“Jim and I have known each other for the past 15 years through Genentech collaborations. We met over coffee, and he was telling me about this concept of the company that he was thinking of,” says Hannoush. “And I got immediately intrigued by it because I knew that this could open up a big space in terms of adding a new modality in drug discovery that is desperately needed in pharma.”

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Sanofi, Re­gen­eron boast PhI­II win with Dupix­ent in COPD, clear­ing first bar for ex­pan­sion

Dupixent, the blockbuster anti-inflammatory drug from Sanofi and Regeneron, has cleared a high-stakes Phase III study in chronic obstructive pulmonary disease, the companies announced Thursday morning.

If they hold up in a second, identical trial, the data pave the way for Dupixent to become the first biologic to treat patients whose COPD remains uncontrolled despite being on maximal standard-of-care inhaled therapy — the patient population studied in the pivotal program. The companies had spotlighted this as a key readout as they look to expand the Dupixent franchise and explore its full potential.

Genen­tech to stop com­mer­cial man­u­fac­tur­ing at Cal­i­for­nia head­quar­ters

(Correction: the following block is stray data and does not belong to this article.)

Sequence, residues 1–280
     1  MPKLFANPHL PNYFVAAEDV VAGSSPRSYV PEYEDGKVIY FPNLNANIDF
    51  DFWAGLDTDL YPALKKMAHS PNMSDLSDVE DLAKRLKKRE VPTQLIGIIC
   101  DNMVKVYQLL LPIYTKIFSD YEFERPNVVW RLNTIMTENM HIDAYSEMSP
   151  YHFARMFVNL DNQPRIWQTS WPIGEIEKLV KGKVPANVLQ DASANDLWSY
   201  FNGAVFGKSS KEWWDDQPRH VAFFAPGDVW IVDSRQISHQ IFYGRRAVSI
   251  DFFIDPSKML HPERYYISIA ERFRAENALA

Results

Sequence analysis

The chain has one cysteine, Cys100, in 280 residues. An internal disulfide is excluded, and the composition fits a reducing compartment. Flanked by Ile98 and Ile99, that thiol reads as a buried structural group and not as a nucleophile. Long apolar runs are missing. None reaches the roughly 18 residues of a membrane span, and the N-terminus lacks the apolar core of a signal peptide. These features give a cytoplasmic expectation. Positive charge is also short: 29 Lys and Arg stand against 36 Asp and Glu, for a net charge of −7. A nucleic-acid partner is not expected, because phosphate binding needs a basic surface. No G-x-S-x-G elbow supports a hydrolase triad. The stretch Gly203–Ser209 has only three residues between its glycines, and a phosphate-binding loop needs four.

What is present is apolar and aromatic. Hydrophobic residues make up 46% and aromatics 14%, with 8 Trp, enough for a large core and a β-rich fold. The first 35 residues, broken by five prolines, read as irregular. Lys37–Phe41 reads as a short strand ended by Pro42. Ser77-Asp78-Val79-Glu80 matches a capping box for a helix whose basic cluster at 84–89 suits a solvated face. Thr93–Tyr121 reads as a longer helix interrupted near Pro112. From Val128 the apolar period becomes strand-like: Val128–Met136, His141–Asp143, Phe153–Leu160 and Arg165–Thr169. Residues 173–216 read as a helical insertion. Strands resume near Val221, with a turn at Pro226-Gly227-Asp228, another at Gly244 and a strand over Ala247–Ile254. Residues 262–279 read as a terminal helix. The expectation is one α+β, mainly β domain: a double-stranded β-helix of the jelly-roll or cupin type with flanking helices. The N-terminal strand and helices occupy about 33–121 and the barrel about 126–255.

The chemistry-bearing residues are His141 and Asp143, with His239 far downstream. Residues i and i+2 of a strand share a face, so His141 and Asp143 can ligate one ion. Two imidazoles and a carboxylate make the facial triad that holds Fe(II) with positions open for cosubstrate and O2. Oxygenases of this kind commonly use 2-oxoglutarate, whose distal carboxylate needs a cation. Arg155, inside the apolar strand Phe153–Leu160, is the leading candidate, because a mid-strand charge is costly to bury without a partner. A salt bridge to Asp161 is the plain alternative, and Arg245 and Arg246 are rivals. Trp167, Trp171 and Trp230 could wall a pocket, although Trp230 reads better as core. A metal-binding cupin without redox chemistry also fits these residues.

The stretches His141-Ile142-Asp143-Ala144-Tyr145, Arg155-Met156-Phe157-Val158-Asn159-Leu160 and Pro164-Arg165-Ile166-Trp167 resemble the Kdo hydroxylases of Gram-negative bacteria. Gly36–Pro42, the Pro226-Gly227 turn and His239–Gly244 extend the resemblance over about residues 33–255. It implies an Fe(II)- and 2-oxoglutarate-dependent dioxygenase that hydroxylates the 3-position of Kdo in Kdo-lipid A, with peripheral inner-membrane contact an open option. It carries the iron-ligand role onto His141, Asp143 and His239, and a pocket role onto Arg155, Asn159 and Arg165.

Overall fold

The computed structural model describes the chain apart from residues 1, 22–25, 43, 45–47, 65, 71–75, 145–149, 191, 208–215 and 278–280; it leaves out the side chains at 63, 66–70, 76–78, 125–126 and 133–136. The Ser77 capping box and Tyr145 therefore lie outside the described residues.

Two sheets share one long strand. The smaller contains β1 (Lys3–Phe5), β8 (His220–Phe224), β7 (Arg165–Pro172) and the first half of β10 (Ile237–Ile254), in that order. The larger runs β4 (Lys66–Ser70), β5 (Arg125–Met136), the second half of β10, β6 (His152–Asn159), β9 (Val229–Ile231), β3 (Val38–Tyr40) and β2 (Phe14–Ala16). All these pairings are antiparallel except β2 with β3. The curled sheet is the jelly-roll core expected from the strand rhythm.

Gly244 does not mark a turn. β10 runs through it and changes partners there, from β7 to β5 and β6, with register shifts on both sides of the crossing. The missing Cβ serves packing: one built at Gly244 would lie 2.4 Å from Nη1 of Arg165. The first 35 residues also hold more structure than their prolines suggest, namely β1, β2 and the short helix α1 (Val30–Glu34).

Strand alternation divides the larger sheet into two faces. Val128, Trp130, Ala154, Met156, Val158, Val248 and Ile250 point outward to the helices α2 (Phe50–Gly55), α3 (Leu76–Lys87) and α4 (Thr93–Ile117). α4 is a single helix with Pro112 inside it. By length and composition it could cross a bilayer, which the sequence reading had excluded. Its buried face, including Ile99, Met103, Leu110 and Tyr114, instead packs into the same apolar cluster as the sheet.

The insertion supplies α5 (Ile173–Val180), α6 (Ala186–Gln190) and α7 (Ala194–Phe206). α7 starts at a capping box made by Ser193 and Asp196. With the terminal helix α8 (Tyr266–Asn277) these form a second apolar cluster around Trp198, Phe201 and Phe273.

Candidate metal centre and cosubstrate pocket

Genentech is halting commercial manufacturing at its California headquarters — and laying off several hundred employees.

The move is the result of a decision Genentech made in 2007 to relocate manufacturing operations from its South San Francisco headquarters location to other facilities or move the work to CDMOs, said Andi Goddard, Genentech’s SVP of quality and compliance for pharmaceutical technical operations, in an interview with Endpoints News. Genentech has made changes in capabilities and invested more in technology, so it doesn’t need as many large-scale manufacturing facilities as it did in the past, she said.

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Chat­G­PT with phar­ma da­ta de­buts for med­ical meet­ings, be­gin­ning with AACR

What do you get when you combine ChatGPT generative AI technology with specific pharma and clinical datasets? A time-saving tool that can answer questions about medical conference abstracts and clinical findings in seconds in one new application from ZoomRx called FermaGPT.

ZoomRx is debuting a public version of its generative AI product specifically for medical conferences beginning this week for the upcoming American Association for Cancer Research (AACR) annual meeting that runs April 14-19.